Finally, the activities of the evening are framed within his poetry. When the haggis is carved, ‘To a Haggis’ is recited, with its famous line, “Great chieftain o’ the pudding race”. Before the meal another of Burns’ poems, the Selkirk Grace is read.
The evening ends aptly with “Auld Lang Syne”. Robert Burns was the first to write down this old Scottish folk song, and its popularity is now global as no New Year’s Eve party is complete without its rendition.
Did you know?
In 1956, the Soviet Union became the first country to honour Robert Burns with a commemorative stamp.
There are more statues, monuments and memorials dedicated to Robert Burns than any other non-religious figure, after Queen Victoria and Christopher Columbus.
In 2009, Scottish TV held a public vote on who was “The Greatest Scot” of all time. Robert Burns won, beating William Wallace of ‘Braveheart’ fame.
In 2008, Bob Dylan named Robert Burns’s poem ‘A Red, Red Rose’ his single biggest inspiration.
Falling dangerously close to an otherwise successful completion of a “dry January”, Burns night, makes for an appropriate occasion to fall off any rickety wagon.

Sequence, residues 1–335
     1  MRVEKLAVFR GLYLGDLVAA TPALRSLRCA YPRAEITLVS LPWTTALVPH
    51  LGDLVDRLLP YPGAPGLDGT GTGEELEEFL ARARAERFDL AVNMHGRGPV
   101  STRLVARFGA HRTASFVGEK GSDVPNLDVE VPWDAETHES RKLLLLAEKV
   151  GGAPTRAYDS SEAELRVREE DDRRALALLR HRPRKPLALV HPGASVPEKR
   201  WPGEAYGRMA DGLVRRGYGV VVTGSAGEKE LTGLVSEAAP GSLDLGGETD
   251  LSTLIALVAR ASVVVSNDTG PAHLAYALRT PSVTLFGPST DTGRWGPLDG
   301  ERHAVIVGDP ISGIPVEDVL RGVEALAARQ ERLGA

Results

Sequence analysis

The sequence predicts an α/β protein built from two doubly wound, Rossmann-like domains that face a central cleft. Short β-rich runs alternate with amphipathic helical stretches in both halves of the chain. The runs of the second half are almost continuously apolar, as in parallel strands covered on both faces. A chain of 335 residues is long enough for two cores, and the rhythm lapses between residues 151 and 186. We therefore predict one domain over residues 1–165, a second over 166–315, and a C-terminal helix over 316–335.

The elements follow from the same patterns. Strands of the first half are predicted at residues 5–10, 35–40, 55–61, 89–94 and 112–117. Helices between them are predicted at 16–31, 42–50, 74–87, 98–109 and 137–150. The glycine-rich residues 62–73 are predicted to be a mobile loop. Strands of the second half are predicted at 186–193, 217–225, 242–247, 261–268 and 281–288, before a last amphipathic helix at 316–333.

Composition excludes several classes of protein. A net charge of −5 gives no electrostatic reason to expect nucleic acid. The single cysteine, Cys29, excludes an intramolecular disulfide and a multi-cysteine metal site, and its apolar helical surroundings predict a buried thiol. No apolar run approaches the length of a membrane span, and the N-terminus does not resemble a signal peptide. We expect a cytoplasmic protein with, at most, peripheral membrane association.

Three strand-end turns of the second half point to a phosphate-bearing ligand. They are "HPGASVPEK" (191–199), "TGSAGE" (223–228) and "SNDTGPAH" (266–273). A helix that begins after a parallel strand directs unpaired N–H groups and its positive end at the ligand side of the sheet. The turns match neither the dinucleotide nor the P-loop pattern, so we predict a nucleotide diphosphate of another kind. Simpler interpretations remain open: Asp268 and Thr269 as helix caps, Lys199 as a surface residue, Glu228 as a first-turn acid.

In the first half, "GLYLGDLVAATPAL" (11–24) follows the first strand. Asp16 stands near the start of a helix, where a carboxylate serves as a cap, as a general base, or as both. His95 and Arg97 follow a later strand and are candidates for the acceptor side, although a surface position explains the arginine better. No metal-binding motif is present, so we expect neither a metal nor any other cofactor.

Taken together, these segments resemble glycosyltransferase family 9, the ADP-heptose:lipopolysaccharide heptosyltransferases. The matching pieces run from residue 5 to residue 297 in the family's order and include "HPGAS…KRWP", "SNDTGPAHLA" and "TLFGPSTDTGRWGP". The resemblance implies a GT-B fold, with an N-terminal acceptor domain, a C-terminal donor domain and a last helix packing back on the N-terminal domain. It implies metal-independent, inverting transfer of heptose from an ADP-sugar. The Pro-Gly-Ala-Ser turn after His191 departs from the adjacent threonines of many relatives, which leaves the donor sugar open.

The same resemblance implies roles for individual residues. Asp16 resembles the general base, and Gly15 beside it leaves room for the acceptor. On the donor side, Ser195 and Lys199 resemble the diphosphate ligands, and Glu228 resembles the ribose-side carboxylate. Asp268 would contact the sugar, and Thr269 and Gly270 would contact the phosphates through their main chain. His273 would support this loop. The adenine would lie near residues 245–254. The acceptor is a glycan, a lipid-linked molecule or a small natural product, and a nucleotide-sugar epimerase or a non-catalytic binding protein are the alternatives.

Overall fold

Falling dangerously close to an otherwise successful completion of a “dry January”, Burns night, makes for an appropriate occasion to fall off any rickety wagon. Certainly, the celebrated 18th-century poet Robert “Rabbie” Burns, a hedonist of heroic proportions, would’ve sneered at suggestions his birthday, 25 January, be a tee-total affair.
Burns was a huge fan of whisky, despite eventually turning his hand to tax collection as an excise man, and the spirit subverted plenty of stanzas, with poems devoted to his favourite whisky, his preferred pub, while even lambasting the English for raising whisky duty.
To toast this legend of both liquor and literature, I’ve selected a collection that might have been close to his heart – quite a challenge since so many distilleries emerged after his death, when the English finally relaxed the duty.
As it happens, historians have suggested some of the drams Burns downed were less discerning, while he also sank an irresponsible dose of the stuff. So rather than go like for like, I’ve opted for some tenuous themes and advocate drinking less but better whisky.
In his Jolly Beggar poem Burns mentions a lowland whisky from the Kilbagie distillery, in Kincardine, which by all accounts would’ve been eye-watering gear.
Glenkinchie provides you with a softer, lighter and more balanced lowland, and the Glenkinchie 2016 Special Release is one I’ve been back to a few times.
It shows how a lighter foundation of this style can be reinforced with impressive maturation, still fresh, but sweet and spicy with it. Glenkinchie 2016 Special Release, £309, Whisky Exchange
Legend has it the brilliant bard liked a smooth spirit to accompany the rough element he mixed with in the pubs, and some say he often opted for a refined highland malt.
He would’ve been satisfied with Dalmore then, not least because the distillery is so inventive with expressions.[ . . . ]